Inside the defensive end, Ritchie shows promising defensive instincts as a center and supports his defenders well away from the puck. He uses his frame to bump opponents off the puck and positions himself well to protect the home plate area when his defensemen are battling in the corners.

Here, Ritchie wins possession and starts a breakout play with good defensive work checking #19 red:

Ritchie takes out his check with a physical play along the boards, then sprints into open space afterwards to create an easy outlet pass for #19 white behind the net and an easy zone exit for Oshawa.

It is his consistent positioning and strong awareness at both ends that make Ritchie feel like a safe bet to remain at centre as a professional. He has the potential to become a more dangerous and consistent scorer than he’s shown in the OHL thus far thanks to his combination of off-puck positioning and abilities with the puck.

Ritchie’s high-level hockey IQ is especially apparent when playing a support role with elite peers and consistently steps up his level of play in big games, both internationally and in the OHL.


Ritchie has smooth, quick strides for a big-bodied player, generating plenty of open-ice speed when he has room to accelerate. His stride power and explosiveness is hindered by his stride length, allowing some room for improvement in his top-end speed.

Here, his acceleration prevents him from gaining space from the backcheck in transition and causes him to force a pass to the middle of the ice, leading to a counterattack opportunity for Czechia:

Ritchie is still prone to passing up strong shooting opportunities, trying to force passes to the middle lane or through traffic, leading to turnovers and counter opportunities for the other team.

He has the frame and skill to get to dangerous spots in the offensive zone at will, but Ritchie mostly utilizes curl backs or quick stops to create space for himself upon entering the zone instead of playing with pace and taking the puck to the net.

Ritchie isn’t afraid to use his size and strength to win board battles at both ends of the ice, using his frame to box opponents out of the play. However, Ritchie’s skill in tight areas could lead to more conversions close to the net if he were to utilize his strength and show more aggressiveness around the blue paint.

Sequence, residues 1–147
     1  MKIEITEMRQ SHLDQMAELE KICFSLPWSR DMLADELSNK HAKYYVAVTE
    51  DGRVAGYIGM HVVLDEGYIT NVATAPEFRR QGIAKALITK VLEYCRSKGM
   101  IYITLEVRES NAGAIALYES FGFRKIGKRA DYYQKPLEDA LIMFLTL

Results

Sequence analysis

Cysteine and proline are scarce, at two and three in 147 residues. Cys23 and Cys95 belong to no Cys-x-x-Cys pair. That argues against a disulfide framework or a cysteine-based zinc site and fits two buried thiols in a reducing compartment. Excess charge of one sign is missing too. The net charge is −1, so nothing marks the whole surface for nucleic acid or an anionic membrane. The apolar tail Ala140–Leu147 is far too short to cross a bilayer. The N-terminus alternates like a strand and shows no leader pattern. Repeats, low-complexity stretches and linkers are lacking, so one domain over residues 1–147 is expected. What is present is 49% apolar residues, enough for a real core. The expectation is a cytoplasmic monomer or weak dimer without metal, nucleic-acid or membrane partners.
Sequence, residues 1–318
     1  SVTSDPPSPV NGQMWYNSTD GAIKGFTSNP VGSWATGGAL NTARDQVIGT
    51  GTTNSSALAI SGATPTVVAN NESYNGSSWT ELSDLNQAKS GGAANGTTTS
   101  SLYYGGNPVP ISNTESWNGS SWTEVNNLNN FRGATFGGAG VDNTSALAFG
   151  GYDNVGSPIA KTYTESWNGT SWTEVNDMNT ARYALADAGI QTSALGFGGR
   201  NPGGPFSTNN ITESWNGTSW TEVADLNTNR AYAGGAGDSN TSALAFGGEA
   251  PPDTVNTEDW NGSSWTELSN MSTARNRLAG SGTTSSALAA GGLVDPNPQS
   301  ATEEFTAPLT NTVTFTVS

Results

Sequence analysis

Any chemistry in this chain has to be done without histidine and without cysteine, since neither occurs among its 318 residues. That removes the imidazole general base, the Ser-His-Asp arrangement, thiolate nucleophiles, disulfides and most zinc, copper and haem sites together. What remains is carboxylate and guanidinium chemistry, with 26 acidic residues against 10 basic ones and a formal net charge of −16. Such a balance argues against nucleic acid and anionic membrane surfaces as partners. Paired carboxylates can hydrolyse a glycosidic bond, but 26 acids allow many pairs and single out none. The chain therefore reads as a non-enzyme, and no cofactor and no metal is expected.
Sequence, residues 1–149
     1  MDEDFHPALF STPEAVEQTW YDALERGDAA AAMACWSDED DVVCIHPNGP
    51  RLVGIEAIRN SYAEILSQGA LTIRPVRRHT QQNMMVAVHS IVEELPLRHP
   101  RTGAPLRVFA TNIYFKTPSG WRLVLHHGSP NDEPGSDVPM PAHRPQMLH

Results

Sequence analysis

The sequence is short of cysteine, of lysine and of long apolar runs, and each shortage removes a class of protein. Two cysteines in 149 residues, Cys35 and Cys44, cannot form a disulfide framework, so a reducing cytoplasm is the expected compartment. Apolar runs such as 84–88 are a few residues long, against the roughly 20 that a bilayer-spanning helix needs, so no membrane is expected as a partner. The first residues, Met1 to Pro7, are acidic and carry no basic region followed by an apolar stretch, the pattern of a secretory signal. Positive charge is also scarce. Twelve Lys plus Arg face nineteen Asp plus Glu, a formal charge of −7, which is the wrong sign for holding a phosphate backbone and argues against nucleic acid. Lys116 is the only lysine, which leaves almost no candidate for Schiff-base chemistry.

Ritchie’s draft stock has remained relatively strong all season despite a slightly-above average scoring rate for an OHL prospect of his pedigree thanks to his combination of size and skill.

While he played at a point-per-game pace for a strong Generals team, Ritchie was really able to elevate his game against peers at the Under-18s for Canada, helping lead them to a bronze with a strong nine-point showing. The impressive finish to the season was enough to bump Ritchie back up to No. 13 among Central Scouting’s North American skaters after falling to No. 17 in the midseason edition, potentially securing Ritchie’s status as a first-round selection in the 2023 draft.

He shows flashes of impressive awareness, quick decision-making, and physical prowess at both ends of the ice, leaving an impression that he can potentially fill a top-six role as a center in the NHL in a few years’ time.

However, due to some of the developing aspects of his game, including his skating stride and getting to the inside lane on offense consistently, Ritchie is a safer bet to break into an NHL lineup as a versatile bottom-six forward with some flashes of skill on special teams and scoring touch around the net.